Review: Ready to Fall by Marcella Pixley

Summary/Cover Image from Publisher's Website: 
A young adult novel about a teen who finds hope and a fresh start after a terrible loss, and learns that being strong means letting go.

When Max Friedman’s mother dies of cancer, instead of facing his loss, Max imagines that her tumor has taken up residence in his brain. It's a terrible tenant―isolating him from family, distracting him in school, and taunting him mercilessly about his manhood. With the tumor in charge, Max implodes, slipping farther and farther away from reality.

Finally, Max is sent to the artsy, off-beat Baldwin School to regain his footing. He joins a group of theater misfits in a steam-punk production of Hamlet where he becomes friends with Fish, a girl with pink hair and a troubled past, and The Monk, an edgy upperclassman who refuses to let go of the things he loves. For a while, Max almost feels happy. But his tumor is always lurking in the wings―until one night it knocks him down and Max is forced to face the truth, not just about the tumor, but about how hard it is to let go of the past. At turns lyrical, haunting, and triumphant, Ready to Fall is a story of grief, love, rebellion and starting fresh from acclaimed author Marcella Pixley.

I've wanted to try Marcella Pixley's books for a while now. Therefore, when the opportunity arose to read and review Ready to Fall, her latest addition to YA contemporary, I instantly said yes. I loved the title, I loved the cover, and the premise sounded intriguing albeit heartbreaking. 

The Result? Ready to Fall is amazing - one of my favorite YA contemporaries of the year. It's gorgeously written, captivating, and poignant. 

I'll be up front: Ready to Fall is not an easy read by any means. It's haunting. It's emotional. It's even a bit draining. Marcella Pixley brings to life Max's sadness, confusion, and hurt. My heart broke for him, but at the same time, I could feel the hope slowly building, the good starting to replace the bad, and that gradual transition and fresh start,my friends, is what made Ready to Fall such a worthwhile read. 

When we're first introduced to Max he's a disaster. He's failing school, drawing rather than listening during his classes, and distancing himself from his father. His only constant companion is the tumor inside of his head, the one that jumped from his mother's head to his during the funeral. He knows he's off his rocker, that he may in fact be going nuts, but he can't stop it or ask for help.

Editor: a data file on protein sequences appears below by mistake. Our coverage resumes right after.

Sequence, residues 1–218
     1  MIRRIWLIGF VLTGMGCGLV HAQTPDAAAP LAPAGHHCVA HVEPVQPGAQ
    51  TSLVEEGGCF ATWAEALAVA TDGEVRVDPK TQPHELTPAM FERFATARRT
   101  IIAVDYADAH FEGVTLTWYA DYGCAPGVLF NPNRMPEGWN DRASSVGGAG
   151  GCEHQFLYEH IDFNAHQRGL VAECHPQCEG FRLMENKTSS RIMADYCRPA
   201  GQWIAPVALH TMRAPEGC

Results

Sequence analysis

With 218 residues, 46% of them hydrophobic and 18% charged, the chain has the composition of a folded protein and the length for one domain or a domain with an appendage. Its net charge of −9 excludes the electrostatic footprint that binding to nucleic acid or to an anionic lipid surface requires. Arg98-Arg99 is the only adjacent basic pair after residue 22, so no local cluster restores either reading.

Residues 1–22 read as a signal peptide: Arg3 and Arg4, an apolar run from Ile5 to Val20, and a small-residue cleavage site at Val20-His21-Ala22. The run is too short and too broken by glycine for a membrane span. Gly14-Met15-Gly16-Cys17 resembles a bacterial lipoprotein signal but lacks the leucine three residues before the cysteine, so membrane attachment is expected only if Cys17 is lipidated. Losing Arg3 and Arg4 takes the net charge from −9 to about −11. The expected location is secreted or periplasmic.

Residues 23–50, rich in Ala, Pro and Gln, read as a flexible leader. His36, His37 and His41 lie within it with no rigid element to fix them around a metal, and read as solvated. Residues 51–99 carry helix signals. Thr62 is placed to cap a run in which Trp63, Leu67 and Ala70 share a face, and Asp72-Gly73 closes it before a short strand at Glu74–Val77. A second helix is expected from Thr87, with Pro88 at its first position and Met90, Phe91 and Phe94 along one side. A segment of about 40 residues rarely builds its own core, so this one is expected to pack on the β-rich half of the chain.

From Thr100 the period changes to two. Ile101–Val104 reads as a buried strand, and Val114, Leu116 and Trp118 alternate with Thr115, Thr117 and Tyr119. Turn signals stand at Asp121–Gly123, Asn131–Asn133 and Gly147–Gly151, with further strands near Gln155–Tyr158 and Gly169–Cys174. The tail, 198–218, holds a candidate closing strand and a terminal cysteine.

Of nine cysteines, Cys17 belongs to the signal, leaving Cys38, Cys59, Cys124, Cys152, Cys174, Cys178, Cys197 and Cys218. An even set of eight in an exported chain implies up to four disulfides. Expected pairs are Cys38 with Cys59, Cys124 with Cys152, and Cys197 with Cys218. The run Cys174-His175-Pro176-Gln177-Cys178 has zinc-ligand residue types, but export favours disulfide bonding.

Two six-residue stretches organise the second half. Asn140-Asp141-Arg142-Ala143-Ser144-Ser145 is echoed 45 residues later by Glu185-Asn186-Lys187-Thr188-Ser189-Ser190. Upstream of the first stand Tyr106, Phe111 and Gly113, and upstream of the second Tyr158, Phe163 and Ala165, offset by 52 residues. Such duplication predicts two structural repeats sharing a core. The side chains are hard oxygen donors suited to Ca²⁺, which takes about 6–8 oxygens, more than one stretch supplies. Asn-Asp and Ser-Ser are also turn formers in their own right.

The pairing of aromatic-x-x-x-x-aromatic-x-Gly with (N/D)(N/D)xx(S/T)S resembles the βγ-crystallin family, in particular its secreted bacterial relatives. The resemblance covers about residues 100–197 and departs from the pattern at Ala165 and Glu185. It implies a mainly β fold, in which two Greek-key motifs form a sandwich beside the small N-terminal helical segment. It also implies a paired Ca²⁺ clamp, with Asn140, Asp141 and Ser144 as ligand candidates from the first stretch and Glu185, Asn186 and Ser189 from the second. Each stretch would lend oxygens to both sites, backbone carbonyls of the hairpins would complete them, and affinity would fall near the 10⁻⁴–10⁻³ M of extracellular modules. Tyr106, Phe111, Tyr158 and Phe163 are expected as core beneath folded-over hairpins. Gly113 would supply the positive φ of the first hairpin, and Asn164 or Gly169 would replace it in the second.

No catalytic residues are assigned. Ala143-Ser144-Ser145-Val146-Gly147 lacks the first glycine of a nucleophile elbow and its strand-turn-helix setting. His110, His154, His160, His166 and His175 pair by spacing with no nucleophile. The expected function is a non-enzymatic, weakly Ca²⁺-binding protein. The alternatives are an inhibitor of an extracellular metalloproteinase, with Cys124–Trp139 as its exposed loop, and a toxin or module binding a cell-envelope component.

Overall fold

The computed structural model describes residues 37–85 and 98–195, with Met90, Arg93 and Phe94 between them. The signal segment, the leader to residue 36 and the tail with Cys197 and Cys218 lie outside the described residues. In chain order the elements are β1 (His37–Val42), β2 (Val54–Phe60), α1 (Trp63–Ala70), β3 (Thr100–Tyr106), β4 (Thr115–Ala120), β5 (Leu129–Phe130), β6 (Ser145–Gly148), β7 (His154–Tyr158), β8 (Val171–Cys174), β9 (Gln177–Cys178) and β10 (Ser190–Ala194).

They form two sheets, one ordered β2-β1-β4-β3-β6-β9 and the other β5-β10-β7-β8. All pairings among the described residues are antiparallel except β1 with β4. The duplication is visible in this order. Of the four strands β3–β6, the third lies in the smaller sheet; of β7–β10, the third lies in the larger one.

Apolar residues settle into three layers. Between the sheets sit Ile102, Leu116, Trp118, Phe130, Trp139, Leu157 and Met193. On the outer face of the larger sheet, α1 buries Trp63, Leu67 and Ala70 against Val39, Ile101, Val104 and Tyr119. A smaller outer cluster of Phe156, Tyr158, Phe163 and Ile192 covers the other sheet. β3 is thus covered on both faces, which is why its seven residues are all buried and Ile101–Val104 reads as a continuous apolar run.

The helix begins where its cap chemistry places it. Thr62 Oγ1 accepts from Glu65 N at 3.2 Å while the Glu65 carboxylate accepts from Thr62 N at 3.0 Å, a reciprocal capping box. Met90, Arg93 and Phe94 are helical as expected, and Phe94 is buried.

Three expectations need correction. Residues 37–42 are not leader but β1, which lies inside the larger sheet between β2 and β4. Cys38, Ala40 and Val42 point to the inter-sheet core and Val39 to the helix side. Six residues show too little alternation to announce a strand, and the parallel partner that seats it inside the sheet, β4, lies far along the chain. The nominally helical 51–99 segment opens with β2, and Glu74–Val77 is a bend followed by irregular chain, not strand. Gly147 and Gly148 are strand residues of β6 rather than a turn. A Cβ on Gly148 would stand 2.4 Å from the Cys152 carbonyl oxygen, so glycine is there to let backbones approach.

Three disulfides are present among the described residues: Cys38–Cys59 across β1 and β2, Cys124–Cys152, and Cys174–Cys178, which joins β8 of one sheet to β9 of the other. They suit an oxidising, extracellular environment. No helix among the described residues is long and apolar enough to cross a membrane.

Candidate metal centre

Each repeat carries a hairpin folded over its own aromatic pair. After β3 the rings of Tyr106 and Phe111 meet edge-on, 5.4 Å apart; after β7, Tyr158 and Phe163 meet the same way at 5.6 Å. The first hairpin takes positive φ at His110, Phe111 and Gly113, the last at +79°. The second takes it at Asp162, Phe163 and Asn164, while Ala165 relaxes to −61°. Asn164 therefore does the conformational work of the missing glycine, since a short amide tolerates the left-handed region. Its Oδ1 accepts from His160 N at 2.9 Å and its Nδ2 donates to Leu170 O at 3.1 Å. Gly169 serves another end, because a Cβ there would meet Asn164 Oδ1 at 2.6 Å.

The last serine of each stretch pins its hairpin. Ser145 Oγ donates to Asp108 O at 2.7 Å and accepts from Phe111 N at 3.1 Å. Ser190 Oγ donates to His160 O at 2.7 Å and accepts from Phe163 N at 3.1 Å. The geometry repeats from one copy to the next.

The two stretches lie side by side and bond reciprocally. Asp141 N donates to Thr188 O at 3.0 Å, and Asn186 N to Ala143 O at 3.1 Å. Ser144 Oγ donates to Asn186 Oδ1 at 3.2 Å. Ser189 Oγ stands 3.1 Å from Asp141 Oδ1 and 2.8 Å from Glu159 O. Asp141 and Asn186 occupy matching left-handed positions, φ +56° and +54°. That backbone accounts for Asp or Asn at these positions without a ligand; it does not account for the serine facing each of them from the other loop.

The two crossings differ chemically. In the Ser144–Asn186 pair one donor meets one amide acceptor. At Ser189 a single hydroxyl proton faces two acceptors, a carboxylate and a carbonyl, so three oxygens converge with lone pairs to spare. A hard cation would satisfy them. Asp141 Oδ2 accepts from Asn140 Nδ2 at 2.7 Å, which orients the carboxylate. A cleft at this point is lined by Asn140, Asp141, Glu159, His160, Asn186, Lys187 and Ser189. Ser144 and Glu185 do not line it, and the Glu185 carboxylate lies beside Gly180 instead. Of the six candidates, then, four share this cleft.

At first, I struggled with Max's character. I understand that coping takes many different forms, but I just wished Max would reach out and get help. It broke my heart that he was in such a rough place. As soon as he starts his new school, everything begins to change for Max. He starts opening up and trying new things. He makes new friends and even forms a mentor-mentee relationship with one of the teachers. This transition was gradual yet so amazing and worthwhile to see. I loved seeing his friendships with Fish and the Monk develop as well as seeing him begin to fit in at his new school. 

Last but not least, the writing. Marcella Pixley is an incredibly talented writer. I thought she did an amazing job of getting the voice of a teenager down-pat. I also loved the way she brought a fresh approach to a typical novel focusing on grief. The fake tumor aspect was interesting and did a lot for the plot. I also loved the focus on Hamlet the play. It tied in well with overall story. 

Overall, Ready to Fall is a book I can't help but suggest this Fall. Perfect for fans of Adam Silvera and John Green, Ready to Fall shows that while life doesn't always have a clean cut happily-ever-after ending, there's always happiness to be found. 

Grade: A-

Ready to Fall will be released, Tuesday, November 28th (tomorrow!!)!

Source ARC provided by author/publisher - thanks Marcella and Macmillan!

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  1. Not a fan of John Green books, okay I only read two books and I thought they were just okay. This does sounds interesting, but I will wait till the library has this one.

  2. Great review! I like when the characters go through growth and find happiness again when they've been grieving.

  3. I hadn't heard of this book before but the story sounds like something I would really like, especially since I love John Green's books. Great review!


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